The new Pharmaceuticals job profiles required by the market
Italy is the first pharmaceutical producer in the EU and the pharmaceutical industry represents a real strategic asset for the country’s economy. Compared to the EU partners, Italy is the first country for the production of medicines (31.2 billion) with the highest growth in exports (from 2007 to 2017 + 107% compared to + 74%) and investments in R&D (from 2012 + 22% vs 16%).
Pharmaceutical companies and their induced generate employment throughout the national territory and it is the sector with the highest growth from 2007 to 2020 and, in the last two years, it is the sector that most increased the employability (+4.5 % vs + 1.5% of the manufacturing average), hiring around 20 thousand new employees since 2014:
- 66,500 employees (90% graduates and graduates), 42% women (29% in the rest of the industrial sector) and 66,000 others in related industries;
- 6,400 R&D workers, 52% women;
- € 31.2 billion in production, 79% destined for export (24.8 billion euros);
- € 2.8 billion in investments, of which € 1.5 billion in R&D and € 1.3 billion in production;
- 60% of foreign capital firms;
- 40% of companies with Italian capital;
The numbers are expected to rise and by the end of 2021 drug companies are planning to hire 2,500 – 3,000 new professionals. It is also estimated that around half of the new entrants will face entirely new tasks. Therefore, the key word is “multidisciplinary”, that means that specific medical skills will be joined by new digital and technological skills, such as engineering, mathematics, computer science and the ability to work in a team.
All of this, therefore, will require trained technical-specialist. By now 90 % of the pharmaceutical workers are already in possession of a high school degree or a diploma; and since 2014 about 20 thousand employees have been hired and the 81% of the growth in employed persons is for under 35 years old.
As pointed out by the president of Farmindustria, Massimo Scaccabarozzi., The pharmaceutical sector “is experiencing a profound change, with at least 100 new professional figures that will emerge in the next 10 years, some of which are not even identified yet”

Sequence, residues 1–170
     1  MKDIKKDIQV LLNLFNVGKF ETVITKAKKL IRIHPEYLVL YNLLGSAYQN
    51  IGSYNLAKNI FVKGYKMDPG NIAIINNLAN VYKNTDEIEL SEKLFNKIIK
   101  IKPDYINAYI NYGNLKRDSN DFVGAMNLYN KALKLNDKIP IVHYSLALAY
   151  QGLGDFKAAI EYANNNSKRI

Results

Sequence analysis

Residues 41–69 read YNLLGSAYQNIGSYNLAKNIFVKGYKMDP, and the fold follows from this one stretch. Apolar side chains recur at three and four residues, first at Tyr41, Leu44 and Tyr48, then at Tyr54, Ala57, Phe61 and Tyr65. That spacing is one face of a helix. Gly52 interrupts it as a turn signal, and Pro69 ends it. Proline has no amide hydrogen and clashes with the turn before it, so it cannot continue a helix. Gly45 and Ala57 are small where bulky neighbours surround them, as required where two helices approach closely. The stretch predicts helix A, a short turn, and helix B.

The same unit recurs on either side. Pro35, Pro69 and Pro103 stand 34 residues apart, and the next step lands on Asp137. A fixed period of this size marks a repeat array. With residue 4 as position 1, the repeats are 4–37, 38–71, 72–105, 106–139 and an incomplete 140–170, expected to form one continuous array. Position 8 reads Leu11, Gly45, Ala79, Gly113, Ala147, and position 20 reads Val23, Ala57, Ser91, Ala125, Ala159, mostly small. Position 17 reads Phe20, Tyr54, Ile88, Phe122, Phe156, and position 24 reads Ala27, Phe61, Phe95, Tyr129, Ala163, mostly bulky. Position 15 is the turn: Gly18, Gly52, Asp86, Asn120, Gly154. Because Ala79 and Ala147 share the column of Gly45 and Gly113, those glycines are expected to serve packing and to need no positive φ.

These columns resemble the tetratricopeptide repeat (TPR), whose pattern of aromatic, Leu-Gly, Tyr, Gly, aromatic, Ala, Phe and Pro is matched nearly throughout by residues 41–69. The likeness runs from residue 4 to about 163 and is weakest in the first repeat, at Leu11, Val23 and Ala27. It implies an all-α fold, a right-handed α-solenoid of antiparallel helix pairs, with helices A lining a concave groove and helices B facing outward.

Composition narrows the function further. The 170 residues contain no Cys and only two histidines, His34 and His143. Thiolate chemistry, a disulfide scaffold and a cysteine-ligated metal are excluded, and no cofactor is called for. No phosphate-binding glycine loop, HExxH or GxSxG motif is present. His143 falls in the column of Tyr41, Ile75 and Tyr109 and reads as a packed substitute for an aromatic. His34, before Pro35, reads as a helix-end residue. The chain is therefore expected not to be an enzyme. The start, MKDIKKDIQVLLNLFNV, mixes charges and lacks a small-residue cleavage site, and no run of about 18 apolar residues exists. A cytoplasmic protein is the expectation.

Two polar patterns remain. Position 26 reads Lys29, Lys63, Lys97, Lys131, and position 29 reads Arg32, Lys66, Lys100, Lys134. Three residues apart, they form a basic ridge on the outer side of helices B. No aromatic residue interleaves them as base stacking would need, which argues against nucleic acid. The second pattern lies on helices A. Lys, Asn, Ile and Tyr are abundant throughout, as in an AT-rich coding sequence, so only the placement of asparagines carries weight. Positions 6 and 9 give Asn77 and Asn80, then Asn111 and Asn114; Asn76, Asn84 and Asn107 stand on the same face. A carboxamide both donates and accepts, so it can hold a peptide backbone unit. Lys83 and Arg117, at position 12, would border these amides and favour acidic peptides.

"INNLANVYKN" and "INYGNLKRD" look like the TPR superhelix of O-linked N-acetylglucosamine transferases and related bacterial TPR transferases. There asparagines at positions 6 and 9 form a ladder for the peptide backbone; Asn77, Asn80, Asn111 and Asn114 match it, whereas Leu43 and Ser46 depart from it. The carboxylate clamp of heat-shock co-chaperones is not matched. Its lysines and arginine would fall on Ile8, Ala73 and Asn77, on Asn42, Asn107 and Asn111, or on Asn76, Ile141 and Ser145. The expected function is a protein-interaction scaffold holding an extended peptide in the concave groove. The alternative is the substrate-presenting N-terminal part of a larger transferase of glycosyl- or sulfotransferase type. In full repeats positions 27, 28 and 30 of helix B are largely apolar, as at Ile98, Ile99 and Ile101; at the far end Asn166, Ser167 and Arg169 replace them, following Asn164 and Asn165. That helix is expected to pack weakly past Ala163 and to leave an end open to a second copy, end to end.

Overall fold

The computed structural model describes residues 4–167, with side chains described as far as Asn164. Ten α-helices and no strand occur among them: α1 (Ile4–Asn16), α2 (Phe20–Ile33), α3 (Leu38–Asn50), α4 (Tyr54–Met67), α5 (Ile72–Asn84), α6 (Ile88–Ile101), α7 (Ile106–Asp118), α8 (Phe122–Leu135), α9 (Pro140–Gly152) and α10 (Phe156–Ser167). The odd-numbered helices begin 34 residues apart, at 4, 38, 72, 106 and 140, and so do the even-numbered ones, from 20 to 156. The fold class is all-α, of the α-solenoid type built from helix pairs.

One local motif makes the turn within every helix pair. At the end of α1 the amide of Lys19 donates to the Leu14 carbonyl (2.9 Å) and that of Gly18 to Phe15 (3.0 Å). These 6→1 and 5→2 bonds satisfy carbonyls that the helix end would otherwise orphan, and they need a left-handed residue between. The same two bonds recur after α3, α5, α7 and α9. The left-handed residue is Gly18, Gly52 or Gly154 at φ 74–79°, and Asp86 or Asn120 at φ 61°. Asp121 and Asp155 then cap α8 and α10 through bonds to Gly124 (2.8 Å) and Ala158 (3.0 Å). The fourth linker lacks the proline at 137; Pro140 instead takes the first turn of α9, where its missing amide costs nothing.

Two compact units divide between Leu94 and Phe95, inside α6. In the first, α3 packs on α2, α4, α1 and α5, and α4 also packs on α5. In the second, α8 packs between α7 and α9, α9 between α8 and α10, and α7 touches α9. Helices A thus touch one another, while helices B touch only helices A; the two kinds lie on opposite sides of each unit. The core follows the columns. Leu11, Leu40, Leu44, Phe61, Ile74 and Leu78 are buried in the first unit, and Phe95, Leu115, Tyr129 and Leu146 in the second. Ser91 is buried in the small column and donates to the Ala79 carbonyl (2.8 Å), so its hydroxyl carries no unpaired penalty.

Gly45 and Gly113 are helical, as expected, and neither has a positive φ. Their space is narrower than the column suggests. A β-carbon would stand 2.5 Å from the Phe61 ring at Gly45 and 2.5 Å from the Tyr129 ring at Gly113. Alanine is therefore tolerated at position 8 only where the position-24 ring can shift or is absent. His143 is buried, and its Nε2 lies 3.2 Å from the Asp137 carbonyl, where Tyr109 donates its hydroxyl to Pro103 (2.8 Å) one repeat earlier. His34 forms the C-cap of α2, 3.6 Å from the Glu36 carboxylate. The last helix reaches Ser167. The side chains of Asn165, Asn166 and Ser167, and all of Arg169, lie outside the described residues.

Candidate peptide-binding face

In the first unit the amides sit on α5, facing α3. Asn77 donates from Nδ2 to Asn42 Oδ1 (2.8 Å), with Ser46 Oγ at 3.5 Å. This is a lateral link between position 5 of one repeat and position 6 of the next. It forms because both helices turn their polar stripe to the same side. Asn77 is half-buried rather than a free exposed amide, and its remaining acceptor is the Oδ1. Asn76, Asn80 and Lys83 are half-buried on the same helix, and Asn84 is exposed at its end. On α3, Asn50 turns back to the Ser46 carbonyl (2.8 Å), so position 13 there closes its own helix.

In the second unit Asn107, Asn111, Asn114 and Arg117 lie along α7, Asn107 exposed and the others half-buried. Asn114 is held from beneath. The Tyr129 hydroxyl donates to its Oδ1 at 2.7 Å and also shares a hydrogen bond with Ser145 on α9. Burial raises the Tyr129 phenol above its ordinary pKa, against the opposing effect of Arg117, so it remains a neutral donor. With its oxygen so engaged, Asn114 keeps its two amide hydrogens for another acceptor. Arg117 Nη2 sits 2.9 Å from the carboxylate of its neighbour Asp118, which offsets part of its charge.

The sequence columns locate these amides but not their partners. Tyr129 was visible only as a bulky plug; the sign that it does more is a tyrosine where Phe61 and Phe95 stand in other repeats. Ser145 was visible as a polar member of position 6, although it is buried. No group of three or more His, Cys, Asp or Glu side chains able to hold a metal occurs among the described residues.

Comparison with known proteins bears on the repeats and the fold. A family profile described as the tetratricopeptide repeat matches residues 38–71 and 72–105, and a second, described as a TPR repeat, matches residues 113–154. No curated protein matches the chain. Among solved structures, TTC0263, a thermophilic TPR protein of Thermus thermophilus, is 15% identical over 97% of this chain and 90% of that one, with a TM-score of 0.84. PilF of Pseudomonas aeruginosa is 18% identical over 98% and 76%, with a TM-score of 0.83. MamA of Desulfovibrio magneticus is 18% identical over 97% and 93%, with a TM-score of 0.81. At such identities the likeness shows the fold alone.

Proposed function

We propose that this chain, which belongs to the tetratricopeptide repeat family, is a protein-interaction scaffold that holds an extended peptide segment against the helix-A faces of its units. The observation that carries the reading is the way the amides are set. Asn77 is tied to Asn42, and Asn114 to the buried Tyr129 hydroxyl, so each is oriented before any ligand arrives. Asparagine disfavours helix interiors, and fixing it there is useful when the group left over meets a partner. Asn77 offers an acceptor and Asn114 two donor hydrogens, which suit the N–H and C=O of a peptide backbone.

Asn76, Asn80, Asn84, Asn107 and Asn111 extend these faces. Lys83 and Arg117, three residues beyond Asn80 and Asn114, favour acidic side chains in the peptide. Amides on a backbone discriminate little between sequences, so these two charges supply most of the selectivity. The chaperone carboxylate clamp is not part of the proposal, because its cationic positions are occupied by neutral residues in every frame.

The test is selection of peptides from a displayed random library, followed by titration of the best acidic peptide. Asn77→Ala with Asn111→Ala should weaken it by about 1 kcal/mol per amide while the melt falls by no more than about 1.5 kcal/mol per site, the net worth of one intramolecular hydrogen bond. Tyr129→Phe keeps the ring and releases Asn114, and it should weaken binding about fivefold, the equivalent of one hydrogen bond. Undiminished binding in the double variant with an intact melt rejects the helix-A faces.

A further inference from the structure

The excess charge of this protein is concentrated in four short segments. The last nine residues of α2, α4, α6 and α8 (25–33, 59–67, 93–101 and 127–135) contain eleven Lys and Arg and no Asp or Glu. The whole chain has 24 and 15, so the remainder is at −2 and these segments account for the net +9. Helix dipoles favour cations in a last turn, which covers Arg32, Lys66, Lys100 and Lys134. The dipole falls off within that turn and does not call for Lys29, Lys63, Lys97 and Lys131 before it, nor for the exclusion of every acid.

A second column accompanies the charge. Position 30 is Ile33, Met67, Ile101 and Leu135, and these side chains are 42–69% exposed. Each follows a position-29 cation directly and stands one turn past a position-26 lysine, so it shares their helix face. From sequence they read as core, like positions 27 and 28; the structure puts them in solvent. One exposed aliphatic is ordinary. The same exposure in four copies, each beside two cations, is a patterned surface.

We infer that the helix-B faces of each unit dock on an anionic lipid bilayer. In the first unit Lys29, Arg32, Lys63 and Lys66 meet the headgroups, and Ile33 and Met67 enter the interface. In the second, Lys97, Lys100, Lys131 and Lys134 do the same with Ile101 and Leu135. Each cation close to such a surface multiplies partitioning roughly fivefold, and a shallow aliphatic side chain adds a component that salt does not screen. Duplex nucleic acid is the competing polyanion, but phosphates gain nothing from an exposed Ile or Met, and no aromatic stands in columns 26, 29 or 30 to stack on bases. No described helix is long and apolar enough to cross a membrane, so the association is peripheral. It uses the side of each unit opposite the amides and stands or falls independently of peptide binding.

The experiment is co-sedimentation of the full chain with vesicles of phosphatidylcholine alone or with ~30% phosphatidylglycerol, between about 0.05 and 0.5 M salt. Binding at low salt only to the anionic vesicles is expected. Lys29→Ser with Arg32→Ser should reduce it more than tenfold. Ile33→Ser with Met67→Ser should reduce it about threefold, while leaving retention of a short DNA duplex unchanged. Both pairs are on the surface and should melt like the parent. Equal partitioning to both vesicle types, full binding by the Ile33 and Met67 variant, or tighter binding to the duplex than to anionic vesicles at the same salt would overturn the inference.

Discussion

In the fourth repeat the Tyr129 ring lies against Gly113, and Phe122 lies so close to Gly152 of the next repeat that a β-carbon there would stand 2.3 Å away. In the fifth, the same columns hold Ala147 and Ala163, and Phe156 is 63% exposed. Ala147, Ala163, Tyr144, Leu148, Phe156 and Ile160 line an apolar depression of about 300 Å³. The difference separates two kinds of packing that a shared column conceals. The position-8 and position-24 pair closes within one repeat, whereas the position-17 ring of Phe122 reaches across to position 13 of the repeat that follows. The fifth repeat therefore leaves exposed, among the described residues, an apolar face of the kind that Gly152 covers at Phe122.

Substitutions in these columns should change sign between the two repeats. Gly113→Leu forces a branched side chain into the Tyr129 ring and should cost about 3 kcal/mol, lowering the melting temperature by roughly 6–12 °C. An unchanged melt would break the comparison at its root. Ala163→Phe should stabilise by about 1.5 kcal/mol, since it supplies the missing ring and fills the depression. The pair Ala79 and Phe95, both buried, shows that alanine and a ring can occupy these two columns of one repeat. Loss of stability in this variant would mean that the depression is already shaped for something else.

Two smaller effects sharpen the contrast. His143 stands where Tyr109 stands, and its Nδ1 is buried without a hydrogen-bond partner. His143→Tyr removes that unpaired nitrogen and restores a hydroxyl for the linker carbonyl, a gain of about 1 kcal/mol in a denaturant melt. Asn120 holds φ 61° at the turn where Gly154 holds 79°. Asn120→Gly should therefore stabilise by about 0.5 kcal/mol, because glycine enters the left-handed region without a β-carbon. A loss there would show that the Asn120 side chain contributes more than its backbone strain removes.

The sector requires above all doctors, but there is also room for many scientific degrees (Biology, Chemistry and Pharmacy), humanities (Economics and Law) and, in particular, for engineers, mathematicians and computer scientists considered increasingly essential within the future professions in the pharmaceutical industry.
From this framework it is noticeable the need for more young graduates, undergraduates and postgraduates in STEM disciplines (Science, Technology, Engineering and Mathematics). It is precisely the effects of digitalization in the pharmaceutical industry that will create new job opportunities rather than replace them. “This will happen in particular in the areas dedicated to innovation – explained Scaccabarozzi – increasing the ability to produce and process data to make the research phases more efficient and improve the effectiveness of therapies in production, transforming the manufacturing and distribution processes, in accessing the market, changing ways of communicating with stakeholders and ways of monitoring results”.
The trend now is to evolve most of the existing job profiles by adding new skills: in R&D for example, the classic researcher, the laboratory technician, the data analyst, will update their skills, exploiting innovation and new technologies, such as artificial intelligence algorithms for the discovery of new drugs, virtual reality applications and devices for clinical trial set-ups, processing of large quantities of data from different sources, usage of simulation models for molecules development, blockchain applications and many more. This will suddenly create professional profiles such as Data Scientists and Machine Learning experts able to program specific algorithms, Cybersecurity and Blockchain experts or Digital Managers able to better manage the data of clinical trials.
Another example is the development of roles in the production and supply chain area, where new skills are required for all the roles, from the supply chain manager to the warehouse manager and these will concern the use of networks and sensors for the collection of production data, the use of new manufacturing machinery, analysis of complex data, the usage of software and machinery for augmented reality. In the production area, the development of new professionals will be remarkable, such as: digital performance managers, engineers capable of programming big data algorithms to analyze production flows in real time, telecommunication engineers, cybersecurity experts, cloud computing experts, engineers capable of programming process automation algorithms for industrial robots etc.
We also have the market access area and all its dynamics in which the classic roles of sales & account manager, marketing manager, channel manager etc. are accompanied by digital notions, giving life to profiles such as: therapeutic area manager, clinical project manager, data analyst, digital marketing manager, web community manager and network builder.
This is the right time to experiment, the world and technology are constantly evolving and so the labor market that constantly adapts itself to the needs of the society and economic, human, environmental and sustainable changes.Rome Business School offers different online courses that can improve your and specialize your skills, have a look at them on: https://romebusinessschool.com/masters/